After 2 months of maternity leave, the thought of going back to work was not my favorite. I would have to leave my son for almost 10hrs per day, 5 days a week, while I keep up with my pumping schedule. I’m lucky enough that my employer has a decent lactation area. I also belong to a department that won’t restrict me from my pumping schedule. I pump every 2-3hrs. That’s a lot of being away from your desk. The worst part of it all is that I am an Events Staff. We go out of town for provincial events, which means I have to find decent lactation areas, and we all know they are not that common. I have experienced pumping inside a parked car (with air-condition turned on of course), moving car, pantries, even in a restroom (desperate times call for drastic measures). Not to mention the anxiety it caused me whether my ice packs will last the day and that my pumped milk won’t spoil.
On the other hand, because I was THAT dedicated to creating a breastmilk stash for my son, I didn’t give him formula milk, not until he was mixed fed when he was about 7 months old. Including work-related stress, that was also the time that my milk supply went down. At first, I got really disappointed with myself for letting my son drink formula milk again. I started not to visit the BF moms group that I joined to lessen my worry and to keep my mental health in check. Soon enough, I slowly accepted that “fed is best” instead of “breast is best.”
This resulted in me being lazy and decided to stop pumping milk in the process. When my son turned 1 year old, I started to feel irritated whenever he latches. It was this annoying, skin-crawling feeling that I just couldn’t bear. I just want him off of me. However, I shrugged it off and just let him be. This is what I wanted in the beginning, right?
But the irritating feeling escalated even more when the community quarantine started. Because I am with my son all day and night, he would naturally prefer suckling whenever he wants to. I would then intentionally remove him from his latch, and he would cry endlessly. There were even nights that he wouldn’t sleep without breastfeeding. I would get agitated to the point where I would rock him to sleep so hard and get guilty of it afterward. Why did I get to this point where something I loved doing before became what I hated now?
I tried to look for some answers if what I’m feeling or going through is reasonable or am I being a bad mom. I Googled, “I hate it when my son latches.” And the first article that I saw was from kellymom.com entitled Breastfeeding/Nursing Aversion and Agitation (BAA). I thought to myself, “So I’m not a bad mom, right?”. I started checking this phenomenon with the BF mom groups that I joined. There were so many moms that have gone through it as well. But because it was a breastfeeding group, they still encouraged breastfeeding even though it’s already hard on the mom. The suggestions didn’t really help me, so I kept on reading the article from kellymom.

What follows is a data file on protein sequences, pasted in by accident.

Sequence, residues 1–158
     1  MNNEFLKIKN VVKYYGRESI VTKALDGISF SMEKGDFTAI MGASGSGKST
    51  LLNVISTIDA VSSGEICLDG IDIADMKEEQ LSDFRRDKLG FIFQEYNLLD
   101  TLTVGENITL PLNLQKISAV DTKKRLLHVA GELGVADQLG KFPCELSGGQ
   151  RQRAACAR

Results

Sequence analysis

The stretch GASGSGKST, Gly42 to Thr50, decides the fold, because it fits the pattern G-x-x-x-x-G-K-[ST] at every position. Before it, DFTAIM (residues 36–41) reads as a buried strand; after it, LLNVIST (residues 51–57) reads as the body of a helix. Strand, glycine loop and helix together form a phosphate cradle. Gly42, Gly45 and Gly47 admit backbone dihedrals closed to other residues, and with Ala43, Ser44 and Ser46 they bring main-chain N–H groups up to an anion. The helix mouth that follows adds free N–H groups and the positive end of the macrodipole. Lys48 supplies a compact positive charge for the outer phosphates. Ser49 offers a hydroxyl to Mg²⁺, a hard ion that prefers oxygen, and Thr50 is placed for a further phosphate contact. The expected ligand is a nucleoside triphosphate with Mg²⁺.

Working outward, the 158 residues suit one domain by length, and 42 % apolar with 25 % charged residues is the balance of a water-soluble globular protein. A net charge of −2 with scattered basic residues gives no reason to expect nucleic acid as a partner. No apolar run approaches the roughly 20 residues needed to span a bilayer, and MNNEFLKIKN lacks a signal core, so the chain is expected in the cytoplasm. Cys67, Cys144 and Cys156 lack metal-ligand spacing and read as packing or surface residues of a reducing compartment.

Apparently, there were still not enough study on this phenomenon. And because of this, many moms who experienced this are forced to wean from breastfeeding. Other causes of BAA may be because of:
- Breastfeeding Dynamic
- Sleep deprivation and self-care
I also tried to find support groups of moms who are experiencing BAA. There I have read that diverting your attention by playing games, texting, or watching something from your phone could help you keep sane. Taking magnesium supplements could also help as magnesium helps in relaxation and sleep.
So, after all of this information, was I able to stop my son from latching? The answer is a big NO. He still wants the boob every now and then. And I give it to him too but not like before. To avoid him from latching (and hopefully, this would make him wean naturally), I stick to his schedule every day.
- Wake up
- Eat breakfast
- Take a bath
- Give him his 1st FM for the day
- Give him his 2nd FM for the day
- Take a night bath
- Give him his 3rd and last FM milk for the day
Sometimes he’s just thirsty for water, so I don’t give him a 4th bottle.
By doing this, he won’t even notice the boob the whole day!
Even if it was difficult most of the time, I loved breastfeeding and the many benefits that it gave my son and me. I am very thankful to my husband, who is very supportive of this breastfeeding journey. Having experienced BAA has helped me to let go of the things that my body can no longer take and to not think of the societal pressures that comes with breastfeeding. It is not the breasts and the milk that I produce that makes my son secure but realizing that my mental health is as important for him to have his mom whole, sane, and happy.
Written by: Erika Aguirre-Ped